Western Ecological Research Center (WERC)
The Western Ecological Research Center (WERC) is a USGS Ecosystems Mission Area operation serving primarily California and Nevada. WERC scientists work closely with Federal, State, academic, and other collaborators to address a diverse array of high-profile topics. Topics include research on effects of wildfire, sea level rise, drought, energy development and more on federal Trust species.
WERC science is driven forward by our scientists and staff.Research Scientists
Stories from the Field
Find out fun and interesting information uncovered from the field.Learn More
As part of the USGS Evening Public Lecture Series, WERC's Tim Tinker is giving a free "science talk" for the public on Thursday, 11/30/17 at 7PM PST. Watch live or online.
Around Halloween, USGS celebrates bats and other "spooky" creatures by sharing some of its research on these fascinating creatures! Check out social media on Gabe Reyes' and Brian Halstead's projects with bats at Pt. Reyes National Seashore, CA.
NAPA, SONOMA COUNTIES — As the Tubbs, Atlas, and Nuns fires raged across northern California, WERC's Jon Keeley appeared on NPR to provide insight into fire ecology across the state.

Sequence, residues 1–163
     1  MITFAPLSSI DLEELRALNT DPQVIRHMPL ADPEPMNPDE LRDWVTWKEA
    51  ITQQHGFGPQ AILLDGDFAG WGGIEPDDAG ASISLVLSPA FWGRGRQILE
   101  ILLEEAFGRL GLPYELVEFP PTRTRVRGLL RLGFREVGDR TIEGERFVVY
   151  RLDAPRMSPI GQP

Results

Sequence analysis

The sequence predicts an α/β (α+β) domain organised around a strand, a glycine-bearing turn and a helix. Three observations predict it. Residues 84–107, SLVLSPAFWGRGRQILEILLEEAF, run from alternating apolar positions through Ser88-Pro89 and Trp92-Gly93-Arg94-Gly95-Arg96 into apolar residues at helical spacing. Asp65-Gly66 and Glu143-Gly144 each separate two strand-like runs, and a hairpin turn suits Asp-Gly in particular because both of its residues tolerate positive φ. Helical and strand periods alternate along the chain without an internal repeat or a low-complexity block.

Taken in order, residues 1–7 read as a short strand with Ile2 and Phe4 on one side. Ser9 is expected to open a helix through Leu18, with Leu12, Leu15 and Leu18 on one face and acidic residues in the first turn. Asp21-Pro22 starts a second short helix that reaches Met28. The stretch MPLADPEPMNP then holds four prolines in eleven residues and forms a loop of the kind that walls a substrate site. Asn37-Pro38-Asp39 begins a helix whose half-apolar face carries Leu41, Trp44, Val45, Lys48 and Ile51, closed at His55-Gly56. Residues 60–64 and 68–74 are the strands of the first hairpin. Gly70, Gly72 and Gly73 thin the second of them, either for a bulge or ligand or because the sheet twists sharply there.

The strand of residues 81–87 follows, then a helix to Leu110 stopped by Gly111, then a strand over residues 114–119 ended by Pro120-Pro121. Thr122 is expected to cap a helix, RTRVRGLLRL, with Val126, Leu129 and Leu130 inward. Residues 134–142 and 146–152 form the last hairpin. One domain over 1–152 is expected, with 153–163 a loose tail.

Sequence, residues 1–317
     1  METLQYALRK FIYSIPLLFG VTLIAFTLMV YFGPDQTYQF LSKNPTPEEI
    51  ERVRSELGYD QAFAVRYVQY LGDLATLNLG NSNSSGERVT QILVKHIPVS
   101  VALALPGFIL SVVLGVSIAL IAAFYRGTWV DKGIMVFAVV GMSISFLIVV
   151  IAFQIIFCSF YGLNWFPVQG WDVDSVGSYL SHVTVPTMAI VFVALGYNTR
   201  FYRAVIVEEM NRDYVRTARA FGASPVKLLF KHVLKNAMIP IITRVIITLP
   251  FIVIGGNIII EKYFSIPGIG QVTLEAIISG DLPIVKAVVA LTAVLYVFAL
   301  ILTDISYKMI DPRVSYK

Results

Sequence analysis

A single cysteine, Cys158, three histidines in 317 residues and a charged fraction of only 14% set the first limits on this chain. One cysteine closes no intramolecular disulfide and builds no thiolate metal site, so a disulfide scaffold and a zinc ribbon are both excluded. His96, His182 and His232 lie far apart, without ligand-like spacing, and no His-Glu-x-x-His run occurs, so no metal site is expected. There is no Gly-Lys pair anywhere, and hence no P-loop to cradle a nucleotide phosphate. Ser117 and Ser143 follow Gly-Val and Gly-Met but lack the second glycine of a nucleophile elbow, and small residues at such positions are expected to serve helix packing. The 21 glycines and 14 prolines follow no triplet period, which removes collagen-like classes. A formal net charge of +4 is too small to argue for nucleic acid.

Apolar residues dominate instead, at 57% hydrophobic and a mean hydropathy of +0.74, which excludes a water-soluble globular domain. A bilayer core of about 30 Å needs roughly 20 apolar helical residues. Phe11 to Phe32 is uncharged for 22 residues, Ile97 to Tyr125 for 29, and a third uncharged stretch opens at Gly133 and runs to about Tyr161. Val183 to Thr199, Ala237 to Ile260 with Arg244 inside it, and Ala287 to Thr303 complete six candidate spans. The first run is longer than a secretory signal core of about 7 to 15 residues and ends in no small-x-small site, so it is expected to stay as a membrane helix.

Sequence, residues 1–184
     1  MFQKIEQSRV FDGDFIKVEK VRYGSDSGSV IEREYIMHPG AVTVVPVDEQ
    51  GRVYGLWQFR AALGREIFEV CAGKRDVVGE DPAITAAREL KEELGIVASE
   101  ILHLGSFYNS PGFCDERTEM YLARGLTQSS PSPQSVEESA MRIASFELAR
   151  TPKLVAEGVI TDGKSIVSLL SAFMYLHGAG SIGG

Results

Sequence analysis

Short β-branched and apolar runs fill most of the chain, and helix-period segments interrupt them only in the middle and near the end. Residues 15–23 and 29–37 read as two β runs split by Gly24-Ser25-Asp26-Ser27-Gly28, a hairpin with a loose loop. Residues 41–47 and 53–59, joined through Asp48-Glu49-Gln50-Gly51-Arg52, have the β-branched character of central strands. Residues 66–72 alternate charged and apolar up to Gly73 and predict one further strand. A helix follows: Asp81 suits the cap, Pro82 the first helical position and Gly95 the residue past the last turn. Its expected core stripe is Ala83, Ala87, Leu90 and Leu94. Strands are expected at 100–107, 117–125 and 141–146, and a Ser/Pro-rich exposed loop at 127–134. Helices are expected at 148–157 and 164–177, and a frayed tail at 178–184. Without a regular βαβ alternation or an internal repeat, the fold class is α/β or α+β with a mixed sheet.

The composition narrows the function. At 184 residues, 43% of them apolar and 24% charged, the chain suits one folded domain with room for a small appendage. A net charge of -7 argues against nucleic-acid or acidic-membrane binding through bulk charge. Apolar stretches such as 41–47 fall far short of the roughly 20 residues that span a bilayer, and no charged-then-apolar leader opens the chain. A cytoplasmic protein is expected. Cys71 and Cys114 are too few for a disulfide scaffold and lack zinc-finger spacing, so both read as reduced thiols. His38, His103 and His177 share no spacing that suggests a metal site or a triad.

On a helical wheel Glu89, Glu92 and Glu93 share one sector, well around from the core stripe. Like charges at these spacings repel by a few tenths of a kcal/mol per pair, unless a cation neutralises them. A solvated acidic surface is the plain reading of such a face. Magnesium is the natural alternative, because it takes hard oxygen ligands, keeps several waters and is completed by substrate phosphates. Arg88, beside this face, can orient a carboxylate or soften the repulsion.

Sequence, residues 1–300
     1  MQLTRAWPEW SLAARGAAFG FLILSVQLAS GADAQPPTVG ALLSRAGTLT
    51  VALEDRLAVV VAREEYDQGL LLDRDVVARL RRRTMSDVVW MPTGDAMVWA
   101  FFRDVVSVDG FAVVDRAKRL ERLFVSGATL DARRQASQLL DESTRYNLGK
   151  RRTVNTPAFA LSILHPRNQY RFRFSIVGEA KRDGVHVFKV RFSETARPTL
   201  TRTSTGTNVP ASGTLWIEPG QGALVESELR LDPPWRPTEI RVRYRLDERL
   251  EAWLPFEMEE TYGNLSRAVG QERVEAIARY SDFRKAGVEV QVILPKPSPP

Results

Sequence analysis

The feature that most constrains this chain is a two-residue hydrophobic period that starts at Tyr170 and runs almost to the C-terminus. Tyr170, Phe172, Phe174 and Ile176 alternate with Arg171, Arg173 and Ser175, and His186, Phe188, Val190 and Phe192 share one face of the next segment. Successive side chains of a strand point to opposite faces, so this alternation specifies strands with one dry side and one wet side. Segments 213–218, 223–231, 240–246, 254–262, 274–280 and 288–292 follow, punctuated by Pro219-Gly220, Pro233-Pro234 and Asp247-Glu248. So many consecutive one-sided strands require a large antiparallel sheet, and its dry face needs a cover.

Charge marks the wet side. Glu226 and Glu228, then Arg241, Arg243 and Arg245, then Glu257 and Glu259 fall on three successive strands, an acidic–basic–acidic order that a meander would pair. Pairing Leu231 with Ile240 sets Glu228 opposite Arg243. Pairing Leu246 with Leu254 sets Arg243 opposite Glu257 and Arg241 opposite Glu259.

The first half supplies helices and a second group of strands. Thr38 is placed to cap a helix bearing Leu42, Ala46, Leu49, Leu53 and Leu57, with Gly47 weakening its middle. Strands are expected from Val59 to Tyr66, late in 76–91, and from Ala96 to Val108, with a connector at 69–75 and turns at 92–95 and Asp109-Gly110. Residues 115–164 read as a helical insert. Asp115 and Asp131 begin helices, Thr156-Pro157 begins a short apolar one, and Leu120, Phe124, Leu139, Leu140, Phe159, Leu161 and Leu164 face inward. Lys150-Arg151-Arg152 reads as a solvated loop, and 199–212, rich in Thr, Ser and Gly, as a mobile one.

Behavioral response of giant gartersnakes (Thamnophis gigas) to the relative availability of aquatic habitat on the landscape
Most extant giant gartersnake (Thamnophis gigas) populations persist in an agro-ecosystem dominated by rice, which serves as a surrogate to the expansive marshes lost to flood control projects and development of the Great Central Valley of California. Knowledge of how giant gartersnakes use the rice agricultural landscape, including how they...Reyes, Gabriel A.; Halstead, Brian J.; Rose, Jonathan P.; Ersan, Julia S. M.; Jordan, Anna C.; Essert, Allison M.; Fouts, Kristen J.; Fulton, Alexandria M.; Gustafson, K. Benjamin; Wack, Raymond F.; Wylie, Glenn D.; Casazza, Michael L.
Why were California's wine country fires so destructive?
As of late October more than a dozen wildfires north of San Francisco had killed more than 40 people, burned approximately 160,000 acres and destroyed more than 7,000 structures.This tragic loss of life and property is unprecedented in California. However, the fires are not anomalous events in terms of their size, intensity or the speed with which...Keeley, Jon E.
Patterns and correlates of giant sequoia foliage dieback during California’s 2012–2016 hotter drought
Hotter droughts – droughts in which unusually high temperatures exacerbate the effects of low precipitation – are expected to increase in frequency and severity in coming decades, challenging scientists and managers to identify which parts of forested landscapes may be most vulnerable. In 2014, in the middle of California’s historically...Stephenson, Nathan L.; Das, Adrian J.; Ampersee, Nicholas J.; Cahill, Kathleen G.; Caprio, Anthony C.; Sanders, John E.; Williams, A. Park